Michelle Malkin on today's "modern-day Robert Frost":
Eminem is just the latest dysfunctional spawn of our Jerry Springer society. Sooner or later, he'll self-destruct. The real threat to our cultural health are those entrenched media intellectuals, lounging backstage with lattes and laptops in hand, who sanction garbage as art, expletives as entertainment, and violent perversion as lyrical poetry.
It isn't just the content of his rhymes that bugs me, it's the lousy rhythm. Run DMC, LL Cool J, and Public Enemy all have the beat down. Eminem needs to buy a metronome.
"Tune Out Eminem's Pitiful 'Poetry'":
Happy Birthday America!! For 224 years, you've been a shining beacon of freedom to the rest of the world. While not perfect, I proud to say I live in the greatest nation on the face of the earth.
The Declaration of Independence:
A high-resolution scan of the original Declaration of Independence (315K JPEG):
Watch the fireworks in Washington, D.C. via Townhall.com:
Once again the pornography business seems to be getting a head start in using new technolgy. They were quick to embrace the VCR and the Internet. Now they want to pump porn through mobile phones via WAP. I don't mind the occasional glimpse of a beautiful naked woman. Heck, Darva Conger is awfully attractive. But I would hope people would have the decency to view porn in the privacy of their own confines. I don't necessarily want to see someone's fantasy decked out in leather with whips and chains flailing, and I don't want kids exposed to that stuff. I'm not advocating Net censorship. I just hope people will have the common decency and courtesy to view their porn in appropriate places.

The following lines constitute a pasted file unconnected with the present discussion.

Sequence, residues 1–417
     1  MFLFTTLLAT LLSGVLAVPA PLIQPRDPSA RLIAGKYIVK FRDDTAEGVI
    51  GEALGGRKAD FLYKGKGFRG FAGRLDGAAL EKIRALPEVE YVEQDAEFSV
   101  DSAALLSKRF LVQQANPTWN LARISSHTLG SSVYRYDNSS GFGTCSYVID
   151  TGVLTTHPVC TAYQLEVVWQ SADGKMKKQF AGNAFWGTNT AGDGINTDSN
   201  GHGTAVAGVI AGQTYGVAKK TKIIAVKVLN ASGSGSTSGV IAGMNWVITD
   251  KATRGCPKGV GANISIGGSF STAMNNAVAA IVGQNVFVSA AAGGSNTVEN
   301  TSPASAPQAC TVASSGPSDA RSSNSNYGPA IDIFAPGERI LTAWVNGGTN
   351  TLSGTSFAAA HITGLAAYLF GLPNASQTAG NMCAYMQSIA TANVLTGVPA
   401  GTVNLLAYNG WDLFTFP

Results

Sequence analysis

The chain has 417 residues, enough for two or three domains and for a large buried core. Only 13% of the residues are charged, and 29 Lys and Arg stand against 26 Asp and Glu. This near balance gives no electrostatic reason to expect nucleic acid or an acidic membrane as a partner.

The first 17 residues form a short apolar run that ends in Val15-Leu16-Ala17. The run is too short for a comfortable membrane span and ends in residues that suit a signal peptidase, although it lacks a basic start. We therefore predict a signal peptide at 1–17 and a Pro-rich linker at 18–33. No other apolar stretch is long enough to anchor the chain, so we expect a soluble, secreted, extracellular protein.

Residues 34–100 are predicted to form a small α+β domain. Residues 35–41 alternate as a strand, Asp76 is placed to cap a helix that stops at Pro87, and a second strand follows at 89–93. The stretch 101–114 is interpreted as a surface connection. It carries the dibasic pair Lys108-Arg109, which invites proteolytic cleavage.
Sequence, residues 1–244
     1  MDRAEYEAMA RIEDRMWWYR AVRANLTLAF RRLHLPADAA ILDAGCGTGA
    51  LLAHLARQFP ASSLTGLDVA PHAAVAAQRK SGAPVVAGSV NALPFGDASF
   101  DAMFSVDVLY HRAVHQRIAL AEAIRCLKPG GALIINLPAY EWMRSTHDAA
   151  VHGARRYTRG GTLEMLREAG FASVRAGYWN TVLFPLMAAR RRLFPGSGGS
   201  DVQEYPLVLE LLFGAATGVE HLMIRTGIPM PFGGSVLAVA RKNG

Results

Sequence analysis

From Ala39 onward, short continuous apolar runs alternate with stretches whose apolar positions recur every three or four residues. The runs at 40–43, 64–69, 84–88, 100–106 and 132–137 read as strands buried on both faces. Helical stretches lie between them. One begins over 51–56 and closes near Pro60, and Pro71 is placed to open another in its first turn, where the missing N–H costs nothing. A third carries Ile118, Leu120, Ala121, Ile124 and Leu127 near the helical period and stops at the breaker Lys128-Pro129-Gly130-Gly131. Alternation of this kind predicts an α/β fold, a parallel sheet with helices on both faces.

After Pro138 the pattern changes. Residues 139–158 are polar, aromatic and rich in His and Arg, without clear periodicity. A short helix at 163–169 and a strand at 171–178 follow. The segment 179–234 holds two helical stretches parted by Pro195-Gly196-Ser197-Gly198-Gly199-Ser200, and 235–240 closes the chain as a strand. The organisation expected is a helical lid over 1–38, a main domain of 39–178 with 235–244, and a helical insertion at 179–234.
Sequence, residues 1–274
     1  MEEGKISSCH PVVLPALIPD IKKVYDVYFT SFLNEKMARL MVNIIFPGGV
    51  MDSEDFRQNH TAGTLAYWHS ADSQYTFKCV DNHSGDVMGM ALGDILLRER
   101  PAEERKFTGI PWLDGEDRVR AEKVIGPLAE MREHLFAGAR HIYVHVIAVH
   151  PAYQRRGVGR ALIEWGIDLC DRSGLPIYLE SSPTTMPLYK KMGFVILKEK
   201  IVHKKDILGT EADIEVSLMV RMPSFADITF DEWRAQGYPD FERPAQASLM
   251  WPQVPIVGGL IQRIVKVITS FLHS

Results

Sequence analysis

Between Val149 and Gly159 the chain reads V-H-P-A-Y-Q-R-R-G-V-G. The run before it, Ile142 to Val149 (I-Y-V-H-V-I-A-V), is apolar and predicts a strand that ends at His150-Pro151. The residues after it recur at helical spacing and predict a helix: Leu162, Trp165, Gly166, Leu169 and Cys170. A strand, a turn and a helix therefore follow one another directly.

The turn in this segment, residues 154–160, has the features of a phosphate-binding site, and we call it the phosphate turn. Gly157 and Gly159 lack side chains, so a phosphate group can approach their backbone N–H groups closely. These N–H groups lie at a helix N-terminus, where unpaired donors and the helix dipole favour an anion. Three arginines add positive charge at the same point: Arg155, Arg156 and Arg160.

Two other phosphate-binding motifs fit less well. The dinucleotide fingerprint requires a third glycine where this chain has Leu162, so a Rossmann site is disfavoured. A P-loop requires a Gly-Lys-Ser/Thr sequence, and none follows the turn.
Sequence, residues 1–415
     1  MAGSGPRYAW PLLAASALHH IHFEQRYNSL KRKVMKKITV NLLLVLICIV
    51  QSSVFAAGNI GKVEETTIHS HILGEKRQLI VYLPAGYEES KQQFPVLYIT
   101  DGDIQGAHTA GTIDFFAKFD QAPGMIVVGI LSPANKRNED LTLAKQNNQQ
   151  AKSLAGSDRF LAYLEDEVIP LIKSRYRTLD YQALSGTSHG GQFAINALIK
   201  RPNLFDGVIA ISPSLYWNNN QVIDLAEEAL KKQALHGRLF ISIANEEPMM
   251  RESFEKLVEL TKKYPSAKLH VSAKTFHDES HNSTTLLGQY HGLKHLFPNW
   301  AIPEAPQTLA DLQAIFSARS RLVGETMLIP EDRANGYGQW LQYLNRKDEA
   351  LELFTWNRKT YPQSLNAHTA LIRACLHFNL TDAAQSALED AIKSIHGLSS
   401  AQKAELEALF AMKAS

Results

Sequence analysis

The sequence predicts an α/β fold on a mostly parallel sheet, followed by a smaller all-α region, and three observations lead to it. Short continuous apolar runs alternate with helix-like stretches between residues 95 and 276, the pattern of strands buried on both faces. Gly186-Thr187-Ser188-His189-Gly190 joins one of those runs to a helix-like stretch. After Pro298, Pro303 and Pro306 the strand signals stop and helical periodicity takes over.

"Wireless Porn ... Of Course":
I smell a new meme: fat people are hotter sexually. "The people who are the hottest sexually are fat white people who are burning in the sun," said James Watson, who helped discover DNA. He thinks people with more fat produce more endorphins and are happier. I'll guess either Salon.com or Feed will pick this up within a week with the NY Times to soon follow.
"Extra Fat Means More Happiness, Better Sex": [via Robot Wisdom]